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James Dondero Sees Argentina Debt Deal in 1Q, Dollar Bonds to Soar

By December 11, 2014July 12th, 2016Market Insight, News

Argentina is likely to conclude a deal to pay so-called holdout bondholders at some time in the first quarter of 2015, according to James Dondero, President and co-founder of Highland Capital Management, which together with its affiliates advises approximately $20 billion.

Dondero said that deal will cause a huge rally in Argentine bond prices and other Argentina assets.

“We think [yields on the country’s dollar bonds due 2033 would fall] to 6% at a minimum, just based on where other weak and controversial sovereigns trade,” Dondero said. That implies a price rally to $1.25 from current levels around 91 cents on the dollar, Dondero said. “Once you get there, you could make a real argument that it grinds down to 5% and $1.35.” Bond prices rise as yields fall.

Dondero, whose Highland Global Allocation fund holds some $270 million in Argentine debt, said such numbers are easy to justify given countries like El Salvador, Paraguay and Iraq have bonds that trade around 6%.

President Cristina Fernandez de Kirchner has run out of options in her decade-long battle with bondholders led by Paul Singer’s Elliott Management hedge fund. Elliott won a ruling — upheld by the U.S. Supreme Court –that Argentina must pay bondholders the full face value of dollar-denominated bonds. Fernandez has refused, branding Elliott and others “vultures.”

According to Dondero, she has argued the law and lost, spun the facts and lost, tried to discredit her opponents and lost, and now she is crying on national TV and embarrassing her country. “She has no more cards to play,” he said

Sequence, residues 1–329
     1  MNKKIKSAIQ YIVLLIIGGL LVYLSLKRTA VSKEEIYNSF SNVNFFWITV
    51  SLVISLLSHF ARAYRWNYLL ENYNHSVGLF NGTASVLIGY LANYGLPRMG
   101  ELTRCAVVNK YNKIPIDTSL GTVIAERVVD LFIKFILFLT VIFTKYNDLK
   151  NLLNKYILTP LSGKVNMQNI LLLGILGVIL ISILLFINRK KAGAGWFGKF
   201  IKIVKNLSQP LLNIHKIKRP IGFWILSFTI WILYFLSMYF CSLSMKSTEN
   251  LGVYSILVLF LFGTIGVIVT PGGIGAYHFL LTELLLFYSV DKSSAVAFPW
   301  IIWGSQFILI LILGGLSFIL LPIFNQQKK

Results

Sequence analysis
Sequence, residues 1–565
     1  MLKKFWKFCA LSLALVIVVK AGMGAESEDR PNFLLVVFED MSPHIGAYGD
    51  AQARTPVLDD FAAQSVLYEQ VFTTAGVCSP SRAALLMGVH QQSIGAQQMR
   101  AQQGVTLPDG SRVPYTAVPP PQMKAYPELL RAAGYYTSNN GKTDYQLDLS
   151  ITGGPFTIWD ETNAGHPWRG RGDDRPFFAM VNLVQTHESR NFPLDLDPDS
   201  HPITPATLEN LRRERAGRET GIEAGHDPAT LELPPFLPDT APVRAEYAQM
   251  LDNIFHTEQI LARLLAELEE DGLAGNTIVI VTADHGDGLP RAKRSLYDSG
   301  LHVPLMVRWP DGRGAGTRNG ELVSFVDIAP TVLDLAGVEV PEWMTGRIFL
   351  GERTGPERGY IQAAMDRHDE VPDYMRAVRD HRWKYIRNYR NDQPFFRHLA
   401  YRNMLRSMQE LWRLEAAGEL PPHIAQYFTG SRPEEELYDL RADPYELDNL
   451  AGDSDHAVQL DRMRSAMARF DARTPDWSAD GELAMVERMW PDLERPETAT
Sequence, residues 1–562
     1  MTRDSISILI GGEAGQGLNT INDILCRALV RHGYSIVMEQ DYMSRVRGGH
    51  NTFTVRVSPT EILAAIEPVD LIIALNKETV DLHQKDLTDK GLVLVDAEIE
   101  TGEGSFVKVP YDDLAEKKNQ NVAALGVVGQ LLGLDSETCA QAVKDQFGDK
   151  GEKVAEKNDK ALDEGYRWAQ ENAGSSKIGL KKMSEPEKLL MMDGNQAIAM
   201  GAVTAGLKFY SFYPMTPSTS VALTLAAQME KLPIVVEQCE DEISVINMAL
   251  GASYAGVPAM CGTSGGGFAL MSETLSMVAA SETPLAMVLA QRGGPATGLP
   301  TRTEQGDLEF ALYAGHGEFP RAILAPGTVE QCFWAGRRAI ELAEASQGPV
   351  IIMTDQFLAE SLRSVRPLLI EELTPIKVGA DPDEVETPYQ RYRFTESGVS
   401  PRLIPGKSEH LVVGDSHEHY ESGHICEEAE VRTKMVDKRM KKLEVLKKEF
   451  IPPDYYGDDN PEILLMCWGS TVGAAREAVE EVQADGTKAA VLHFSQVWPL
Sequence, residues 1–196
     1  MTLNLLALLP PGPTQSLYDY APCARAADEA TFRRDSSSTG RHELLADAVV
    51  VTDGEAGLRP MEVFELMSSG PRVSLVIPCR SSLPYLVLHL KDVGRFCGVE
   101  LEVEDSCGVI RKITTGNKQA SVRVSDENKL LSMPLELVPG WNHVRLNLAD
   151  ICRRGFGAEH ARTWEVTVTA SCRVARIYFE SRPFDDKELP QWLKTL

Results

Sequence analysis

The crisis has caused capital flight and a steady erosion in the value of the Argentine currency, the peso. The official exchange rate is 8.5 pesos to the dollar while the unofficial rate is closer to 13. Dondero said the peso could go to 20 or worse if soybean prices remain 40% below summer highs and if farmers continue to hoard production in protest.
“She is playing chicken with a currency crisis from a weak reserve position,” Dondero said. She risks toppling the government and the well-being of her people.”

Dondero said there is a general understanding that Fernandez will have to cut a deal with Singer and the other holdouts as soon as RUFO limitations expire at the end of December.

Public opinion polls and surveys of politicians suggest overwhelming support for such a compromise.

First, however, she will demand to reach a political accommodation with the ruling Peronist party for “safe passage” for herself and her son Maximo – essentially a guarantee that they will not be prosecuted for corruption and wealth accumulated while in office, Dondero said.

The Fernandez administration has been beset by persistent allegations and she and her late husband, former President Nestor Kirchner, amassed a huge fortune, well over $1 billion, while in office.


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